La Vuelta Espana 2014: Froome’s elbows, the pipsqueak and the pantomime villain

Pro-cycling as a spectator sport lends itself to contemplation. 

During an average stage of a race like the Vuelta Espana, for example, it’s not uncommon for a lull in proceedings to settle in, as the riders kick back for a couple of hours steady riding before whatever beast of a climb the race organisers have found rears up towards the end of the stage

During such a lull, the mind can begin to wander.

And so it was that recently I found myself trapped in a conversation of ever diminishing returns about Chris Froome’s elbows. I say conversation, it was more a selection of statements from my wife, setting out in no uncertain terms just how she feels about Chris Froome’s form on the bike:

“What’s going on with Froome’s elbows? That’s just weird.”

“Why are his arms like that? They look like spaghetti.”

“Do they all have arms like that? Is it because they spend all day riding bikes?”

“Do your arms look like that when you’ve got your kit on? Go and put it on, I need to check, I would hate to think you look like that.”

Froome in yellow (Image: petitbrun - Flickr CC)

Froome in yellow
(Image: petitbrun – Flickr CC)

Just to be clear my wife likes cycling, and knows her stuff too, but Froome’s stick thin arms and protruding elbows have got her spooked. I think the thought that I might one day look like that had her nervously checking the validity of our marriage certificate. Thankfully, I managed to re-assure her that there is only one single thing that I have in common with Chris Froome: we can both ride a bike. 

Furthermore, it’s safe to say that my calorific intake will always guard against skinny climbers arms and weird sticky-out elbows.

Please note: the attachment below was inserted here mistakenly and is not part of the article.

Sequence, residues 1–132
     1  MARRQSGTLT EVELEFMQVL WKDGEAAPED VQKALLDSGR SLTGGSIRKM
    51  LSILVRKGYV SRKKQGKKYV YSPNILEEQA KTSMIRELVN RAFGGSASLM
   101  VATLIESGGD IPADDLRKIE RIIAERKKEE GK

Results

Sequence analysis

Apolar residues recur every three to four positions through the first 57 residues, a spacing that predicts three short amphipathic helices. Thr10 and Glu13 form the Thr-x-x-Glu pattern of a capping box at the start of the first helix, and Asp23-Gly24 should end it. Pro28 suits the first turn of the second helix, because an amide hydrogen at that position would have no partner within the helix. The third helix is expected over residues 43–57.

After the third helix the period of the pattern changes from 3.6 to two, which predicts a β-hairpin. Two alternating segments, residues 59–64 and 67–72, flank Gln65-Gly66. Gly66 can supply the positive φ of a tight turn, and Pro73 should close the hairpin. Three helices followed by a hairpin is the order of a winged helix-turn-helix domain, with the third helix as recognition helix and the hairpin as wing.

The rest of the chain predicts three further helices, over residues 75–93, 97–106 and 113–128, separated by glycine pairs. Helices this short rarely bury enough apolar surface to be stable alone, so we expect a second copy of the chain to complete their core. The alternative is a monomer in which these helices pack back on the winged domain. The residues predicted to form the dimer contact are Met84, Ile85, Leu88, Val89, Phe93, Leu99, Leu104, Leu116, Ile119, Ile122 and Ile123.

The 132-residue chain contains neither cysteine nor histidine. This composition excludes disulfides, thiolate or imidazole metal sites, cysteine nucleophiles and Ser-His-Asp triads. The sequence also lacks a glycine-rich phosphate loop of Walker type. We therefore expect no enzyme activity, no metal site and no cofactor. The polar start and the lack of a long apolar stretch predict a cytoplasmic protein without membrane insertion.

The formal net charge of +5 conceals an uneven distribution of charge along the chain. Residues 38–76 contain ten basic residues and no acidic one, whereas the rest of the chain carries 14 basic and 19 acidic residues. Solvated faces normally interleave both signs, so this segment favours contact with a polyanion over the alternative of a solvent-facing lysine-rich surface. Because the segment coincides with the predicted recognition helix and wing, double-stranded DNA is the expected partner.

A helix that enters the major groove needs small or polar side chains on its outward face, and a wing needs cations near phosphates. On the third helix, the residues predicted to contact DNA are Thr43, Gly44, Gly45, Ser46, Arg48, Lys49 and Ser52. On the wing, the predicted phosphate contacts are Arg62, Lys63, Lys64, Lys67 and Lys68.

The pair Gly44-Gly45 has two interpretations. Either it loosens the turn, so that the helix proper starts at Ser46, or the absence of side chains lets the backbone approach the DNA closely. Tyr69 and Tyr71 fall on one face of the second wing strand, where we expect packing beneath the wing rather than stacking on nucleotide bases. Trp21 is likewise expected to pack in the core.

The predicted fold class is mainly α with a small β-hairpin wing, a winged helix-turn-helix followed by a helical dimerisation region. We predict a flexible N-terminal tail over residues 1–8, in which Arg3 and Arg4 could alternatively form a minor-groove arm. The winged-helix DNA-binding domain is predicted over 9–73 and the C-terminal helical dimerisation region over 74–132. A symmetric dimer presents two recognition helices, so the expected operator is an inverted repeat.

We don’t just pick on Froome though. At least once on every stage, we lapse into an inane conversation about Alberto Contador and his classic climber’s physique:

Alberto Contador (Image: Wikimedia Commons)

Alberto Contador
(Image: Wikimedia Commons)

“There he is”, I’ll say, “dancing on the pedals.”

“Bertie?”

“Yep, Bertie”

“He’s tiny, how much do you think he weighs?”

“Not much…60 kilo’s?”

“He a pipsqueak”, my wife will state derisively. 

And with that, it’s always end of conversation; once he’s been identified as a pipsqueak we both know there’s not much more to say.

On the subject of diminutive Spanish cyclists, we are also prone to venture an opinion on Alejandro Valverde and his role as swarthy Spanish pantomime villain.

“Which one is Valverde”, the wife will ask, “is he the one sitting on that other guy’s wheel and doing none of the work?”

“What do you think?”, I reply, eyebrows raised.

“It shouldn’t be allowed, he should have to take his turn. Why should they do all the work while he just sits there saving his energy!”

As I said, she knows her stuff does my wife.

 

 

 

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Biking Behaviour (part 20) – The Super-Commuter

Cycling to work has, at least here in the UK, achieved new heights of respectability.